Bayerische Staatsoper 2021 Review: Eight Songs for a Mad King

Holger Falk & the Orchestra Deliver A Fantastic Reading of Davis’ Masterpiece

By Polina Lyapustina

“I’m not ill, I’m nervous.”
— George III in Sir Peter Maxwell Davies’ monodrama

Coming to Bavarian State Opera was always a special event. I consider this theater to be the only one that never fell short of my expectations. And it’s not a surprise that I chose to review a performance from there during these busy weeks when the world has gone crazy, and nothing promises improvement.

I came there to get inspired, to see and hear something truly beautiful, regardless of the fact that the central theme of the performance was total and terminal madness. 

Something New

But as soon as the stream started, I felt something new and alien. After almost a year in a lockdown, watching numerous performances online, and being lucky enough to attend some live events, for the first time in my life, I felt how my anxiety extended on my perception of what was happening on stage.

There were people. People were sitting in rows right on the stage, not far from each other, with no masks. And for a moment, it took all my attention. How come? Were they all tested? Crazy. I stopped the torrent of alarms in my head.

When in 1969, Davies premiered his work, it shocked both the audience and critics. Part public history, part private drama, this piece was telling the story no one could associate themselves with. The cages of the stage at the time of the original performance locked people inside, but today — the stage is an open space. The feeling of being locked is too familiar and unnecessary in physical reinforcement. The music, voice, and acting will agonize on this stage and beat against its nonexistent walls for the next 30 min.

Just 30 minutes, yes, but it is a period for the emotion of high intensity.

It all started with a scream, torn like a bandage covering the king’s mouth. This sound is inhuman — and in reality, it’s a violin, but just for now. It’s a hint, teasing us with the expectations of the sound baritone Holger Falk will produce very soon. Though Davies’ monodrama is rarely performed in strict accordance with the score, this time Halt felt prepared to reach every peak. Back in 1969, this piece depicted a new level of emotionalism that has become so normal today. And so we hear.

The role of Mad King forces the baritone to sing over more than four octaves, and it’s not only singing. Vocal gymnastics, as critics often call it, requires extended techniques for constant muttering, shrieks, and screeches that are constantly overlapped by gentle and robust singing; it’s almost like an attack of rabies subsiding and manifesting a human essence in the King.

Though there are people around, the total loneliness of the King is the main topic. His words and groans resonate with the music that doesn’t respond and moments of repressive silence. The entirety of humankind seems to be either hostile or afraid of him. Or lifeless like those rows of mannequins that scared me at the beginning. Incidentally, there were real actors during the summer performances, but this forced replacement only improved the staging, in my opinion. 

From the depths of his madness, he desperately wants to be heard by someone. By anyone. “I mean no harm. Madam, let us talk,” but Katharina Kutnewsky and her flute flutter away from King. And he sings up high, gently talks to the mirages.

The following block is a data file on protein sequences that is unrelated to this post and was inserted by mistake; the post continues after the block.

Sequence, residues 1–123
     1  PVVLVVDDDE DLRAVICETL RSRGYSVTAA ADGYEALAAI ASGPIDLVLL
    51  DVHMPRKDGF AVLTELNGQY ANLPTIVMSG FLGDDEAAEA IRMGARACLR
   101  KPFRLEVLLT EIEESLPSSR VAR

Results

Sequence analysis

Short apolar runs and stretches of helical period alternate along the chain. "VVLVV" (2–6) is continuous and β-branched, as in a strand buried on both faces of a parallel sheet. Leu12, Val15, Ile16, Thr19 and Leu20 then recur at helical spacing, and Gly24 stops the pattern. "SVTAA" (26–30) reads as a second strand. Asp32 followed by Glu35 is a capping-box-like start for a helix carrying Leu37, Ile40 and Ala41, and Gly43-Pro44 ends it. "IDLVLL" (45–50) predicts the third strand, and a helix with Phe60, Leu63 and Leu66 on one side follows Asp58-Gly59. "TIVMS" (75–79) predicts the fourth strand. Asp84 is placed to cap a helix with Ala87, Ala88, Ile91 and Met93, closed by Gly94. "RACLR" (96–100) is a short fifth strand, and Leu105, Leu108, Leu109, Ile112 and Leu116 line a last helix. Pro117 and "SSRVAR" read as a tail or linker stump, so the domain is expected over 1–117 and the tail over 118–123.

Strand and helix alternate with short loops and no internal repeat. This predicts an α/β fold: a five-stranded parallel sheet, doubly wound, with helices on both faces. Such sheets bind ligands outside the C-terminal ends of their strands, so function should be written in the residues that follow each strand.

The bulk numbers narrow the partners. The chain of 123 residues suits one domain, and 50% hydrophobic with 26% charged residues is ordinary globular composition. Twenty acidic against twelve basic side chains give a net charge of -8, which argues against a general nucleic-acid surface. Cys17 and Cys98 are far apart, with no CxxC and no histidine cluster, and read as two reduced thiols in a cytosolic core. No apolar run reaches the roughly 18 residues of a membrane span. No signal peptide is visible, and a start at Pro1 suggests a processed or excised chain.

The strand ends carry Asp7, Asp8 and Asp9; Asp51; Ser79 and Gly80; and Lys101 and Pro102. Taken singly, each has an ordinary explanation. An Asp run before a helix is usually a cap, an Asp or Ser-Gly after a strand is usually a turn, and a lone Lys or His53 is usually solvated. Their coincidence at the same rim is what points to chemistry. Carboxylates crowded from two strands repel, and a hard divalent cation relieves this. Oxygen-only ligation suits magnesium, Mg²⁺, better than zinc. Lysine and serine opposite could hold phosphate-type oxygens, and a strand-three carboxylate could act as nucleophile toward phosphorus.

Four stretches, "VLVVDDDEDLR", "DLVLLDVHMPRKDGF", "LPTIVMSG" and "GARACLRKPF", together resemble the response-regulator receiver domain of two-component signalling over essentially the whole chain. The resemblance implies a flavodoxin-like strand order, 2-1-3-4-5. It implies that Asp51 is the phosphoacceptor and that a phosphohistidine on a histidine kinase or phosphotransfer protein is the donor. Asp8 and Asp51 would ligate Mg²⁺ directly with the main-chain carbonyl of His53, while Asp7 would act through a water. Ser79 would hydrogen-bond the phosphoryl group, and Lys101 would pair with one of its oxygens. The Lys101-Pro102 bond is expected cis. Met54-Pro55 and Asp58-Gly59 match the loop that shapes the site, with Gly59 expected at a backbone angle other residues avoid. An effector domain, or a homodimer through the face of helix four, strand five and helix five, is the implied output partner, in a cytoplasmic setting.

The Real Gem

The real gem of Andreas Weirich’s “Eight songs” is Falk’s acting. Yes, his vocal abilities are amazing indeed, but to combine this truly mad and often hysterical sound with the man’s body to build such a natural and astonishingly convincing portrait is a challenge that the most skillful singers would fail. Falk is a stage animal. His every facial expression, every gesture, step, or shoulder position are impressive at every moment.

“Country Dance” becomes an apogee of the whole performance. After a brief moment of silence, the King appears dressed in green and pink and armed with lipstick. Welcome him to the stage! “Comfort Ye…” he starts Davies’ scornful allusion to Hendel’s Messiah, he looks around like a star stretching every moment at the zenith of fame. But he’s changing, and “…my people” came out from the mouth of another man — harsh and gravelly. And you cannot expect any good from him.

And here it comes, exploding with frustration, he reaches the orchestra and grabs a violin. There, the acting skill of Falk gives us another moment of magic — we know what will happen to the poor instrument, but in the King’s every step, you see the inner struggle, and for a moment, you catch a hope: What if it won’t? And then, it only hurts more to see the chips flying apart from hitting the floor.

The end is obvious. The orchestra stops playing. And percussion is the only sound. The inscription “Let Us Talk” is crossed out. And the Mad Kind is chained to his dead chair. He contemplates his death — you watch him fading, “He will die howling, howling, howling…”

It’s nothing to enjoy, you may say. And that’s not a thing we would like to reflect on in this hard time. I agree. And yet, Bayerische Staatsoper did it again. Or maybe, I should say Falk, and the ensemble, stagehands, and director did it.  These talented people were better than any expectations. Outstanding singing and acting and sensitive reading of the score built a perfect theatrical performance which is impossible not to be touched and moved by.

So to be clear it wasn’t a company who brought it (in fact, I think I’m not going to generalize people under the brand of a company, at least for some time now).

It was musicians. And in this exceptional performance, I’m simply happy and proud to see them.



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